A third obstacle is the phenomenon of adaptation. While novel pleasures give us a rush of satisfaction and gratitude, we soon become habituated to them. After a while, your once new love/car/home/job stops making your heart spontaneously swell with thankfulness; you stop registering all the ways the things already in your life add to it, and stop noticing all the qualities you admire and cherish in your family and friends.
The fourth obstacle is envy. It’s hard to be happy with what you have, when it seems like other people have better things. Envy destroys gratitude, and it’s harder than ever to avoid when everyone can show off the highlight reel of their lives on social media.
While all these obstacles can be significant stumbling blocks to the discipline of gratitude, if this virtue is predicated on humility, then the very biggest barrier to its practice should be obvious: pride.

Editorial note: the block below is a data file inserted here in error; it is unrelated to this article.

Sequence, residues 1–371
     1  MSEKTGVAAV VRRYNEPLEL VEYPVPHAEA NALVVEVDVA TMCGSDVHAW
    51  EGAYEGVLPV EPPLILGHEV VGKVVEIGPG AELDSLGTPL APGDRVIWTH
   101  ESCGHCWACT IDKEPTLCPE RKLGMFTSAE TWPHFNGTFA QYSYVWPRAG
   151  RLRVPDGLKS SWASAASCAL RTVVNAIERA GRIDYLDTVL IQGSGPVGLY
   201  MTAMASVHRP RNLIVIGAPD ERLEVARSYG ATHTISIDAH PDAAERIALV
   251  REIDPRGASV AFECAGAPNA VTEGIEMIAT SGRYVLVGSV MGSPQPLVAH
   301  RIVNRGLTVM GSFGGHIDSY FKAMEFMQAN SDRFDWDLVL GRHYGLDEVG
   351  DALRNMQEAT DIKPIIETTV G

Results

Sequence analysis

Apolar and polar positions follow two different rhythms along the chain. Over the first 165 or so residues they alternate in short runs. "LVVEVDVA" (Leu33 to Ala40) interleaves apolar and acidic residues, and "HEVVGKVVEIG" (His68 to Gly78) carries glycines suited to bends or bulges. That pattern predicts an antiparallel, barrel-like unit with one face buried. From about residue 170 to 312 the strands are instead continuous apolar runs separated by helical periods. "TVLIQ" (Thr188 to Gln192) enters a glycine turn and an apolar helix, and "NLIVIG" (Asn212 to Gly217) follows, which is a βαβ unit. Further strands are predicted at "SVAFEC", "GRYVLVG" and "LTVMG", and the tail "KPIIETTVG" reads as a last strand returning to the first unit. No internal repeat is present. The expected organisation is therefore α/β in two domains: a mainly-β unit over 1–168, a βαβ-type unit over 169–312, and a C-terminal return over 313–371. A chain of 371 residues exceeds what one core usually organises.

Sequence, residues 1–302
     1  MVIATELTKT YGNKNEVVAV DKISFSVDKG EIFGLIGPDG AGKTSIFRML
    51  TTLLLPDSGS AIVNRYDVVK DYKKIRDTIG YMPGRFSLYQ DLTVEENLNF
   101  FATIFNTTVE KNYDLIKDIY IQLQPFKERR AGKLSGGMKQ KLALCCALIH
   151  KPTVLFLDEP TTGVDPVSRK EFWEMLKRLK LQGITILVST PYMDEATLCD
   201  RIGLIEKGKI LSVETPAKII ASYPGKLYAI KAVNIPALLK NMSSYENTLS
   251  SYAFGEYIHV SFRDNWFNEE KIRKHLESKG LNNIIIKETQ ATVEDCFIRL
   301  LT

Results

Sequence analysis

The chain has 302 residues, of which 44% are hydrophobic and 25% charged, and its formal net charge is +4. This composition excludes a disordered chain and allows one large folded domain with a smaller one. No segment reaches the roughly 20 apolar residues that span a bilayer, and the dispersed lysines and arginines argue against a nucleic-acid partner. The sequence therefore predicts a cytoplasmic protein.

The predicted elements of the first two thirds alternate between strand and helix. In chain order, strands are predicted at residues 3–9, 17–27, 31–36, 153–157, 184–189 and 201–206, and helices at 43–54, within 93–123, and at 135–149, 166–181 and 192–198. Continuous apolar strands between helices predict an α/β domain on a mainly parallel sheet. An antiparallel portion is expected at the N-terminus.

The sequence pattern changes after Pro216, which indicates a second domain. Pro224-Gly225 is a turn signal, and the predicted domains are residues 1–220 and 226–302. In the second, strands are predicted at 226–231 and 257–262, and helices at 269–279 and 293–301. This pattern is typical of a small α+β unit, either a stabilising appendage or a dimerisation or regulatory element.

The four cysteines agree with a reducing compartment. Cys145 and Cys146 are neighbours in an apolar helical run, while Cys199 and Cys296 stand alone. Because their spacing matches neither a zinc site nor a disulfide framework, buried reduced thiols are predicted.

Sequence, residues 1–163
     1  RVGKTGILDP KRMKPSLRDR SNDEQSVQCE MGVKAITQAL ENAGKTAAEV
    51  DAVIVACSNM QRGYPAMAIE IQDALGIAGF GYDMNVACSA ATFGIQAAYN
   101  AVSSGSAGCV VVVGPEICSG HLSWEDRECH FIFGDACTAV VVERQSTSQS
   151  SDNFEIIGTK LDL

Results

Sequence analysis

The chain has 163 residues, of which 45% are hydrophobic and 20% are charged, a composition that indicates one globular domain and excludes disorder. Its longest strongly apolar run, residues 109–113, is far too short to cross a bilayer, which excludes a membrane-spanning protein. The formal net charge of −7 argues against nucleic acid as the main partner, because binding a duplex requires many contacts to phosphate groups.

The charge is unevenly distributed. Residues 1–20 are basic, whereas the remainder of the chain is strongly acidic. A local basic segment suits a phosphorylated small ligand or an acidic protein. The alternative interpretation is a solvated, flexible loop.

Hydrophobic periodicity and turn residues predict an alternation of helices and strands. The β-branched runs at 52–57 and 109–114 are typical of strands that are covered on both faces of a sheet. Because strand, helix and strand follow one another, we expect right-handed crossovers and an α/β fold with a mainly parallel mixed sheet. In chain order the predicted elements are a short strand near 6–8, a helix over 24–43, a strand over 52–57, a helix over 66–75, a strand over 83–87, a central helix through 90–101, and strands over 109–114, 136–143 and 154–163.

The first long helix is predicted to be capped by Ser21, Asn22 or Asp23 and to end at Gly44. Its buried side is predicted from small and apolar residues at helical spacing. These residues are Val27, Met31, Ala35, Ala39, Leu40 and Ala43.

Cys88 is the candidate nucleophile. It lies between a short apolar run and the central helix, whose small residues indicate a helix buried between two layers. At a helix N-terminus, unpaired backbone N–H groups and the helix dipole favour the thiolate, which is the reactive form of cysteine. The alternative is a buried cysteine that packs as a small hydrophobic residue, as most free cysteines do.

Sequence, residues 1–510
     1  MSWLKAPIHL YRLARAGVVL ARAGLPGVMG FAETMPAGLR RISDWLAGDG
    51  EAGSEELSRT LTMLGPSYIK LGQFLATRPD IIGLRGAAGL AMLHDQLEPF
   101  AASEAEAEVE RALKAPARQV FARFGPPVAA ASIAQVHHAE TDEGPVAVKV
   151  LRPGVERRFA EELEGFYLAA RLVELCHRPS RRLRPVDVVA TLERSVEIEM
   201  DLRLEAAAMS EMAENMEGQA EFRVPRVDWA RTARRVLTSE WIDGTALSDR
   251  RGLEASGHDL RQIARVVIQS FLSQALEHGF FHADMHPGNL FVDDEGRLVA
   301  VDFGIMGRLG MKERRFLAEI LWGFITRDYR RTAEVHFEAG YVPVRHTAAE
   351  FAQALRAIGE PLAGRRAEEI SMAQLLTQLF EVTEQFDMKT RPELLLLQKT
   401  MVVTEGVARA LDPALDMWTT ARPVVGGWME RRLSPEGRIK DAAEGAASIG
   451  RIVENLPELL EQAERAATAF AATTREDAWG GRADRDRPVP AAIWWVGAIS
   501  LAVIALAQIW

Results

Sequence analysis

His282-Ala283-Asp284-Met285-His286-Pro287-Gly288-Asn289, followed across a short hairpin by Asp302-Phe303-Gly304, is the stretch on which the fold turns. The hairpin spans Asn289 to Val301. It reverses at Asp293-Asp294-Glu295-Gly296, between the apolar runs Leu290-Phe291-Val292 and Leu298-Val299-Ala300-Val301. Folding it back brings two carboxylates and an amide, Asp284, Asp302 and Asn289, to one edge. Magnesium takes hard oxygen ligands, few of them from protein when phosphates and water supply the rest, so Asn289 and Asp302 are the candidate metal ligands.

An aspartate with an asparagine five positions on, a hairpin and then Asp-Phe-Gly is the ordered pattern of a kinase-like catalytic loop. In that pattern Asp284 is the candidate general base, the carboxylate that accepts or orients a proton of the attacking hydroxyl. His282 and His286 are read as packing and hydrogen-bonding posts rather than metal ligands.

Such pride is rooted in the inability to admit dependency on anything or anyone. To do so hurts, well, our pride. Even the word “dependency” itself makes us viscerally cringe, while our hearts swell to words like “autonomy,” “independence,” and “self-reliance.” And indeed, these are all good things that should be striven for . . . to the extent possible. But self-sufficiency has its limits. You didn’t create yourself or raise yourself, you didn’t pave the roads you drive on, grow the food you eat, or make the clothes you wear, and, even if you’re the most extreme of introverts, you’d probably go crazy if forced to live forever alone. Even the world’s last true hermit had to steal from other people to live. The truth is, we all rely on others to meet our physical and emotional needs.
Humans are interdependent; sometimes we give and sometimes we receive. You can’t desire to fully know yourself and yet concentrate on one role to the exclusion of the other; a man should strive to be autonomous . . . and a frank realist. Being less grateful doesn’t make you less dependent, it just makes you more delusional — while robbing you of the benefits gratitude brings.